Herman Melville The following entry presents criticism of Melville's short story, "Bartleby, the Scrivener: A Story of Wall-Street" The account of a young man's inability to conform to business life on Wall Street in the mid-nineteenth century, "Bartleby, the Scrivener" is hailed by some scholars as the first modem American short story for its break with the dense moralizing, overt allegorizing, romantic characterization, and strict form of more traditional tales.
Themes Race Of the three stories, none have a more explicit theme than "Benito Cereno. This leaves his stories, such as "Benito Cereno," frustratingly difficult to interpret. Some critics have pointed out that Melville had two experiences that would give him a unique perspective on slavery: He was also witness to the rituals and behavior of the Typee cannibals, which may have affected how he saw other races, especially "primitive" races.
Regardless of his own opinion of blacks or slavery, he recognized the explosive nature of the slavery question in the United States and the violent conflict it would create.
Charity and Selfishness "Bartleby the Scrivener" contains a very critical look at "charity," and the story may be a wry commentary by Melville on the way materialism and consumerism were affecting it. The Lawyer thinks of charitable actions in terms of cost and returns: If I turn him away he will fall in with some less indulgent employer, and then he will be rudely treated here I can cheaply purchase a delicious self-approval.
To befriend Bartleby will cost me little or nothing, while I lay up in my soul what will eventually prove a sweet morsel for my conscience.
He "purchases" self-approval, a "sweet morsel for his conscience" which will cost him little. Through "charity," the Lawyer is actually just buying himself a good conscience. In a broader sense, he also believes he is making the best use possible of Bartleby.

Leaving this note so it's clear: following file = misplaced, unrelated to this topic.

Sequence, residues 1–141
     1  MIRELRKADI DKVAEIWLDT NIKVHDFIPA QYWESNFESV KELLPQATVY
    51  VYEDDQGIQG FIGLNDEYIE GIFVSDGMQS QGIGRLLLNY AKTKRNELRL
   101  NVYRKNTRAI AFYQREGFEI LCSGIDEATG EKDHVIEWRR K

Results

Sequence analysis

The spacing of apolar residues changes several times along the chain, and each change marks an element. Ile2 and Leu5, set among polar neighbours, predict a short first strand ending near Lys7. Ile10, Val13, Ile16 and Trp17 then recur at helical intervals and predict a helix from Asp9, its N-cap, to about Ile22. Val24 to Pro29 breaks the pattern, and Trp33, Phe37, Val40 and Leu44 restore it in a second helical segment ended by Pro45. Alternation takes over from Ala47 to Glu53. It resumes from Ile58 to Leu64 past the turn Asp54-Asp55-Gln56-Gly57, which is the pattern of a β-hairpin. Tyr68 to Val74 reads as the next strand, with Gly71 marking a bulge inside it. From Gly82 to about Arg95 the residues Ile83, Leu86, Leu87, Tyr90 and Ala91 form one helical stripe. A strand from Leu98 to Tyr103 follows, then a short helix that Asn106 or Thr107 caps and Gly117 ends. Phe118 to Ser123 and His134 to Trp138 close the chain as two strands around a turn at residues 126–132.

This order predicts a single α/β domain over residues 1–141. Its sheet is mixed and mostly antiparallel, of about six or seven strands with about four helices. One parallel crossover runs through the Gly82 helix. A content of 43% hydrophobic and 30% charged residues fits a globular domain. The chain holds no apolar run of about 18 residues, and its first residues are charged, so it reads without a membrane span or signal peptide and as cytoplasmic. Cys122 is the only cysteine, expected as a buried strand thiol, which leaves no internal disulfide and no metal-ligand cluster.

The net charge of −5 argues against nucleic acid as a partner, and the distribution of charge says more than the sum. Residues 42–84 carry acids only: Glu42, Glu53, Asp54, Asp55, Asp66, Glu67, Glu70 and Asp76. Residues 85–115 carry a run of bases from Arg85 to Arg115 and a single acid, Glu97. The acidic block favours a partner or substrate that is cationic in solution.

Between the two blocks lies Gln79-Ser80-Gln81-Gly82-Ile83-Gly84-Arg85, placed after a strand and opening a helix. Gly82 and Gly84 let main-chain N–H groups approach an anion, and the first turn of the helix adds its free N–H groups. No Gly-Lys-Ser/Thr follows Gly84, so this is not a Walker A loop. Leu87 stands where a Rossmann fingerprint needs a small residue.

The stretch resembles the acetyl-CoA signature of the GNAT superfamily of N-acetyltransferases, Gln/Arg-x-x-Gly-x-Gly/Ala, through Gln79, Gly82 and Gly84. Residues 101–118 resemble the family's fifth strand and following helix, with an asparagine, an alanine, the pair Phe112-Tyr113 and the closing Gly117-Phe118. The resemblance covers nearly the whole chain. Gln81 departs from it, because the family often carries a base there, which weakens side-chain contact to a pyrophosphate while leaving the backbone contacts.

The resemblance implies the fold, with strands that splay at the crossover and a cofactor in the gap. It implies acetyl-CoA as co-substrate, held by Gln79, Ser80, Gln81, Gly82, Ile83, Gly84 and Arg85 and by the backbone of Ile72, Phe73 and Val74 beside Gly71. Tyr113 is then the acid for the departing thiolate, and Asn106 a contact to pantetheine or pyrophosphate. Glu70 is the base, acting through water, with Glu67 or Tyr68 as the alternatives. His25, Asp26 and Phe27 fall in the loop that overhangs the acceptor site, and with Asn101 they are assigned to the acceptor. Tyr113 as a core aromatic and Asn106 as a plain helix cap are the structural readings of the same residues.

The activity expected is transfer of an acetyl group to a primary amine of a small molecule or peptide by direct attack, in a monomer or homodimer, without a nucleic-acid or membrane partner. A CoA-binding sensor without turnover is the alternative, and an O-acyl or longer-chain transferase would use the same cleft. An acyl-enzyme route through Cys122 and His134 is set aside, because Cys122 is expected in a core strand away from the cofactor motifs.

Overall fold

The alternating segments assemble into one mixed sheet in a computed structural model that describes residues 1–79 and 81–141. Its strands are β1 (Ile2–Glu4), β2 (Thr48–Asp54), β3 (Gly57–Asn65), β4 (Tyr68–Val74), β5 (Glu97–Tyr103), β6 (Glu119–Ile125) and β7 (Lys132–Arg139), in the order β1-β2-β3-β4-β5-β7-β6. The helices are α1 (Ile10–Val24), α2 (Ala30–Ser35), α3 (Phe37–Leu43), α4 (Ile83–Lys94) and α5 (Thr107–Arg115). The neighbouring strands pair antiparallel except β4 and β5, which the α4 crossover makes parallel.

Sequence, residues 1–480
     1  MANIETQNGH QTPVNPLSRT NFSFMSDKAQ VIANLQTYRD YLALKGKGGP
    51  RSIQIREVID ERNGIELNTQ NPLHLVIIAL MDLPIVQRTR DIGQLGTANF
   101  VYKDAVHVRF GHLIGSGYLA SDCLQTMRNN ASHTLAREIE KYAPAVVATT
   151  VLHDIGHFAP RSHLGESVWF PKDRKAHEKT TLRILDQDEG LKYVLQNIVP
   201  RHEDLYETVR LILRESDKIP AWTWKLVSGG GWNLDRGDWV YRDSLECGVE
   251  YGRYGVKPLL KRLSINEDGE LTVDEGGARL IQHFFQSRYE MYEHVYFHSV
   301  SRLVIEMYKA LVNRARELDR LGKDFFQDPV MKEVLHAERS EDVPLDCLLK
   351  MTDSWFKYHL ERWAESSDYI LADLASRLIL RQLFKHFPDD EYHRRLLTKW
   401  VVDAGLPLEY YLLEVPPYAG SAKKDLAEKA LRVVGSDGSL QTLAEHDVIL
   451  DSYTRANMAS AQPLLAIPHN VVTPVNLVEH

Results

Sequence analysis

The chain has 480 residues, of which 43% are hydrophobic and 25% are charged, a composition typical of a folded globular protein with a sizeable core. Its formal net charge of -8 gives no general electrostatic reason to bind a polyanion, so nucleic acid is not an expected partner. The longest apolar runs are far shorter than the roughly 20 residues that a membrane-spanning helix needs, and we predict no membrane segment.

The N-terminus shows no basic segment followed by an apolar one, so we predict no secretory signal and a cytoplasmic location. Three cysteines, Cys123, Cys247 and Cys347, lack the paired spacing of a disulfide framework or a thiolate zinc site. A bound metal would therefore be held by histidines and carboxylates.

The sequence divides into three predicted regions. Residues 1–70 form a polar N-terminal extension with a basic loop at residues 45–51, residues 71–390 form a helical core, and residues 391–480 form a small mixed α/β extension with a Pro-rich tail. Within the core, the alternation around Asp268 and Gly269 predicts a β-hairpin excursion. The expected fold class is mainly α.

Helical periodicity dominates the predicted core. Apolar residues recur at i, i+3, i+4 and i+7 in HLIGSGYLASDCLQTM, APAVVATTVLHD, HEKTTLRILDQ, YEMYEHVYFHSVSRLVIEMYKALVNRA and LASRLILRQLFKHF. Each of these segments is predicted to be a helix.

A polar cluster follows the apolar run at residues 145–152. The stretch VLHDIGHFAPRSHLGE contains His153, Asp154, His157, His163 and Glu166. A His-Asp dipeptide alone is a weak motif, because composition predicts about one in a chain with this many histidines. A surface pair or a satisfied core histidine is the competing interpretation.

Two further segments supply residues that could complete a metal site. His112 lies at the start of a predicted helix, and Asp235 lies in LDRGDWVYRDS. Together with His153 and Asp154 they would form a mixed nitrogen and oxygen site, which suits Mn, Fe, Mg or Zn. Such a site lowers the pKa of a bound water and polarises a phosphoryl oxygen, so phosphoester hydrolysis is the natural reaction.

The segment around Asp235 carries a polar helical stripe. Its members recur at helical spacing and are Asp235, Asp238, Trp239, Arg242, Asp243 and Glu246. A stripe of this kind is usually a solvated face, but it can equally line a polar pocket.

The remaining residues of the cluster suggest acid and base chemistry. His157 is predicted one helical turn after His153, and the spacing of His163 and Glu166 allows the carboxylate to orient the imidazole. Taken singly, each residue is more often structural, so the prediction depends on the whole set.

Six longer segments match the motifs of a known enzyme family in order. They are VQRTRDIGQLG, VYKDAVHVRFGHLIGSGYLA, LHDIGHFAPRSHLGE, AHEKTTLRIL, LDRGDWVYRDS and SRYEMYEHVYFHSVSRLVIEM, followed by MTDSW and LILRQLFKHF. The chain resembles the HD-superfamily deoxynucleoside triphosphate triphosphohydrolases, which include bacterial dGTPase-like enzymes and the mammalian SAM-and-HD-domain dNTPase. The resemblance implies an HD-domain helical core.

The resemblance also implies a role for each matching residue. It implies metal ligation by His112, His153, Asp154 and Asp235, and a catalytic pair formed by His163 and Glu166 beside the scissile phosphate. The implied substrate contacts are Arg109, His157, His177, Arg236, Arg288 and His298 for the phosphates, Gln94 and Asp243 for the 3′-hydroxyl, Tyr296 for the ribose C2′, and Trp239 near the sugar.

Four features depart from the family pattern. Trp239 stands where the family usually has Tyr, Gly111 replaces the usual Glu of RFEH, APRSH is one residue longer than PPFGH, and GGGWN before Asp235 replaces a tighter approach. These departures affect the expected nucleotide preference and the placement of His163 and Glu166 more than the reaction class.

If he can at least get Bartleby to make copies, then at least he is doing something.
Of course, eventually Bartleby refuses even to make copies. The Lawyer does make the kindly offer to let Bartleby live in his own home, but the Lawyer might do this just to relieve himself of the annoyance of having to dealing with the tenants who complain about Bartleby.
Of course, were the Lawyer to take Bartleby into his home, he could purchase great amounts of good conscience.An Analysis of the Character of Bartleby in Bartleby, the Scrivener: A Story of Wall Street, a Short Story by Herman Melville 3 pages.
The Portrayal of Herman Melville's Personal Character in the Novel "Bartleby the Scrivener" words. 3 pages. 4 pages. The Belief That Life Is Best Lived the Easiest Way in Bartleby, the Scrivener by.
Herman Melville's short story " Bartleby the Scrivener, A Story of Wall Street" is one in which the main character is virtuous by nature. The Lawyer is so tolerant of Turkey and Nipper's unusual behaviors that he showers them with kindness.
In Herman Melville's short story, Bartleby, the Scrivener, the narrator's attitude towards Bartleby is constantly changing, the narrator's attitude is conveyed through the author's use of literary elements such as; diction-descriptive and comical, point of view-first person, and tone-confusion and sadness.
- Why Bartleby Cannot Be Reached While Herman Melville’s lawyer in "Bartleby, the Scrivener" appears to have undergone a significant change in character by the story’s completion, the fact remains that the story is told through (the lawyer’s) first-person point-of-view.
Oct 22, · “Bartleby, the Scrivener” is a coy document. Part office comedy, part ghost story, part Zen koan, the text seems determined to subvert the expectations of its reader.
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